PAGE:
Brazilians Marquinhos, Morro set eyes on NBA Draft

Brazilians Marquinhos, Morro set eyes on NBA Draft
Feb 25, 2006, 11:46 pm
It’s a unique situation.

Marcus Vinicius Vieira de Souza (also known as ‘Marquinhos’) has been going through one long workout. That’s what his whole season has been about, even when he was on the court.

To get here, the 6’9 Brazilian small forward cut his ties with agent Marc Fleischer (replacing him with Nene’s agent Michael Coyne) and opted out of his contract with Italian club Scavolini Pesaro last year, just to focus on the NBA draft, back in his native country once again. Were these questionable decisions to make? Is he doing the right thing? Marcus doesn’t even have ears for that. He always talked about the NBA and doesn’t think he’s had the right opportunity in the last two years. In 2004 after entering the draft for the first time, he hurt his hamstring during a workout in Utah, forcing him to eventually pull out. Last season after a long season in Italy he once again declared, but arrived late with a short and busy schedule that did not give him enough time to properly prepare himself for the draft, forcing him to pull out a 2nd time.

Marquinhos turned down big offers from Italy because he was (and still is) determined to make the League. In 2004-05, Marcus had a very surprising season with a Premiata Montegranaro team that basically had only two Americans (guard Randolph Childress and center Elton Tyler) alongside him. Actually, it was a roster composed for one mission, to sustain and survive in Lega Due (Italy’s second division). But they instead made it to the finals, where Marcus played minutes at the point after the team’s starter went down with an injury.

Now he is back in Brazil, looking bulkier than ever, learning from an ex-NBA coach – Bob Donewald, formerly of the Cleveland Cavaliers, New Orleans Hornets and most recently the NBA and NFL draft training facility Speed Strength Systems – ready to arrive in the USA this March.

“I didn’t feel that I was well prepared in the last couple of years, but now I’m on my way to making it. I’m working hard on my game and body, pretty much focused”, said the Brazilian, who had 19.5 ppg, 6.6 rpg, 3.9 apg, 2.2 spg and 2.7 TO’s in the Paulista Championship – the strongest regional tournament in Brazil.

The talent here is unquestioned. Marcus is very skilled and can play like a point forward - although he may not be the guy with the greatest instincts or feel for the game. But he can run the court like a guard, create his own shot and shoot from just about every range. Marcus can push the ball in the open court easily and quite fluidly. He rebounds well too, given his size, and that can look better with his strength improvement. That leads to situations where he pulls down rebounds and ignites the one man fast break all by himself.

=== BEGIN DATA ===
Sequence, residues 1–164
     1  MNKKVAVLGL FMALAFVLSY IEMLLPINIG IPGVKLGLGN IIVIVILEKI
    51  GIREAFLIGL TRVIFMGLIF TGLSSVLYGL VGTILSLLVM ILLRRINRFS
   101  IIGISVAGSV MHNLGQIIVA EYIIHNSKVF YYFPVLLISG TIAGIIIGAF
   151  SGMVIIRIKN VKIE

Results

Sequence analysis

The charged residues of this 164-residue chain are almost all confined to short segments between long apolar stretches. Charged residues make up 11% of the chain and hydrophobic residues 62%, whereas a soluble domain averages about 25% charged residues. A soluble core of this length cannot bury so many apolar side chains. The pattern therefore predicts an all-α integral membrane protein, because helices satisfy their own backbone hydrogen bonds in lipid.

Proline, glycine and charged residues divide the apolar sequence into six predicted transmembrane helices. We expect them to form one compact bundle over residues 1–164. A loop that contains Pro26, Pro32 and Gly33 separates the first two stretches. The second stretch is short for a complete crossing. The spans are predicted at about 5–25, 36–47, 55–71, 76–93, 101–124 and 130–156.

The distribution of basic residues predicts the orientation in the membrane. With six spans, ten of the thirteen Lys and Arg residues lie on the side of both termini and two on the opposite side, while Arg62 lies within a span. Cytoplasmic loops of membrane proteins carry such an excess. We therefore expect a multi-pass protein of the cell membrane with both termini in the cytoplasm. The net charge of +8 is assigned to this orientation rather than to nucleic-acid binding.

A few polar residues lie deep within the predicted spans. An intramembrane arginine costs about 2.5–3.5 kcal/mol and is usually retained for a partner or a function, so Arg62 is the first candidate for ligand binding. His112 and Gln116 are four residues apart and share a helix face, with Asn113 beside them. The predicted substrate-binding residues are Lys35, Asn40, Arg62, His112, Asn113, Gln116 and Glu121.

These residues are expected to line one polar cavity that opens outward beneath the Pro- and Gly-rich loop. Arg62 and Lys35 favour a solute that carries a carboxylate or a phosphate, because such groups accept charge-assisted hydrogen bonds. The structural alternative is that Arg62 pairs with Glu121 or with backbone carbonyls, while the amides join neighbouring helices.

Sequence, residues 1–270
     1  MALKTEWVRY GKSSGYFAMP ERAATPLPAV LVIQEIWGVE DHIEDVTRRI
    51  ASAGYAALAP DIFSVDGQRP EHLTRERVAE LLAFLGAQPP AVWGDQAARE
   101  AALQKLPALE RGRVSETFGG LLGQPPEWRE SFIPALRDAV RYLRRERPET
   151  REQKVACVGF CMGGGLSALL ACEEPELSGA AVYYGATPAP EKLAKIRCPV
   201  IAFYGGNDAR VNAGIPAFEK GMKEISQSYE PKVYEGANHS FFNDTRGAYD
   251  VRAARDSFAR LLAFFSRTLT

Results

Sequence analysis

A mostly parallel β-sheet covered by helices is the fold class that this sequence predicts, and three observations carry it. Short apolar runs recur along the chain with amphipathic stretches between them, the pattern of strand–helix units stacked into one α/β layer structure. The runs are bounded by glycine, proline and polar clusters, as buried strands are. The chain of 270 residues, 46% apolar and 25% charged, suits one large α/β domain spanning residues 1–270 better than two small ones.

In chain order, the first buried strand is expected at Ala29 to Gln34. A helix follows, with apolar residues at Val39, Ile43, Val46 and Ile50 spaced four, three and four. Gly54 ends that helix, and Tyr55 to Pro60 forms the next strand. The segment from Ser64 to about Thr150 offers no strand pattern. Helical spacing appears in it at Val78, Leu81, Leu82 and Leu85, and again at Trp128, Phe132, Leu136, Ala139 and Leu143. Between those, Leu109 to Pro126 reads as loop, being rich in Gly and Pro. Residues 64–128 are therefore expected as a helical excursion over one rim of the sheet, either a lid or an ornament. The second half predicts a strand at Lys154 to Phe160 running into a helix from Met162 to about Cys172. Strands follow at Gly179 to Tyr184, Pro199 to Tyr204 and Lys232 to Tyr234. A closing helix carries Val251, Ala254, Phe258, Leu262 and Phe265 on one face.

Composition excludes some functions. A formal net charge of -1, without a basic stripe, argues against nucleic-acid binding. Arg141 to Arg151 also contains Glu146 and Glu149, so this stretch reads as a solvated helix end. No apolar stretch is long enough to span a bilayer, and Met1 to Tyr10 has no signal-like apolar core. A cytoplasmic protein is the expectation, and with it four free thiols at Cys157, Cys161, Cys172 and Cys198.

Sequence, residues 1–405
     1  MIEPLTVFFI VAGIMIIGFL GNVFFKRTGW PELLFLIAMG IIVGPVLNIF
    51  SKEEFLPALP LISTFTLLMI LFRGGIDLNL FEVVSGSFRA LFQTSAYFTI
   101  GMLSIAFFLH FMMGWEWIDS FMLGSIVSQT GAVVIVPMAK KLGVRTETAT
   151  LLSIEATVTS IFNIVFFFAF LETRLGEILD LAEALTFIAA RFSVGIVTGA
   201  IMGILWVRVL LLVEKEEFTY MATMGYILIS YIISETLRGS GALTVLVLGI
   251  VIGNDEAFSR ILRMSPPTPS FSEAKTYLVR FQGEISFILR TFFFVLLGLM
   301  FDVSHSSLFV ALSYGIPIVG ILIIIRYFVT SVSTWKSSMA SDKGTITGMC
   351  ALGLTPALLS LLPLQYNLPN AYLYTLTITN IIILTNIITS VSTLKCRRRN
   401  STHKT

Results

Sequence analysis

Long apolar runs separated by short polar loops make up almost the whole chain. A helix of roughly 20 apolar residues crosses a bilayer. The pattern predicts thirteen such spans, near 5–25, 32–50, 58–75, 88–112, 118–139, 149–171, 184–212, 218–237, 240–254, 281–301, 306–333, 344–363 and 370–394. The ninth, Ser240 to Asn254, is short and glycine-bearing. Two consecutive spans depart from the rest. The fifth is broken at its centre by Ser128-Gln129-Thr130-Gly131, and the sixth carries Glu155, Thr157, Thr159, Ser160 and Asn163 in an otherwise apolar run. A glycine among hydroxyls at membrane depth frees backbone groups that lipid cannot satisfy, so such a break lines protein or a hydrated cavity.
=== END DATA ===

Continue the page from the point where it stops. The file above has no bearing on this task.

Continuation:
That’s what he displayed in the Paulista league, yet we have to consider that he faced abysmal competition – young, talented players in a totally disorganized environment. And, yes, this is the strongest level of play here in Brazil.

Marcus tried to be disciplined on the court. Tried too much, in fact. Sometimes he passed the ball excessively– at least that’s what he showed the two times we could watch him live. It’s not the case of preferring for him to be selfish, but the fact here is that Marcus was clearly the most talented guy on the floor, by far, because of his versatile array of skills.

He was trying to do the right thing (entry and lateral passes, pick-and-rolls etc.), but his team couldn’t connect. And Marcus couldn’t – or maybe didn’t want to – dominate. I could guess that this might have been correlated somehow with his workout spirit in his past two NBA draft adventures.

Competing or just working within half-court sets, however, Marcus can get lost on the court some times, being too much passive, just waiting for a pass in the corner to sink a three pointer. He needs to move better off the ball.

On defense, his effort has to improve in one-on-one situations and he’s working on that with Donewald – but more on this later. Because of his length, Marcus can be a force attacking the passing lanes, without risking his position too much. His steals resulted in quite a few dunks and layups on the fast break.

That’s all we can say regarding his action in real games - the last of them being in December - and that’s what was seen by five NBA teams, two of whom seem to be very high on him. From there until May, it’ll only be the empty gym.

We had access to one of his workouts, in a very hot and humid gym in São Paulo. Two and a half hours of offensive drills: ball handling, one-on-one moves with layups, hooks and pull-up shooting, and then more three-point shooting - from NBA range, naturally.

It’s uncommon to see a guy his size with such speed and ball handling skills. In these kinds of settings he’ll surely excel. Marcus also has a high release, although he can speed it up a little bit. And his range comes easily. In the jump shot drills it’ll look incredible, it’s almost automatic. But in games he can be as streaky as can be.

What else could we say from a workout like this? Apart from his difficulty in finishing with his left hand, even in layups, the rest was easy. Marcus can stay cool, because it seems like he’ll look very good working out privately with NBA teams.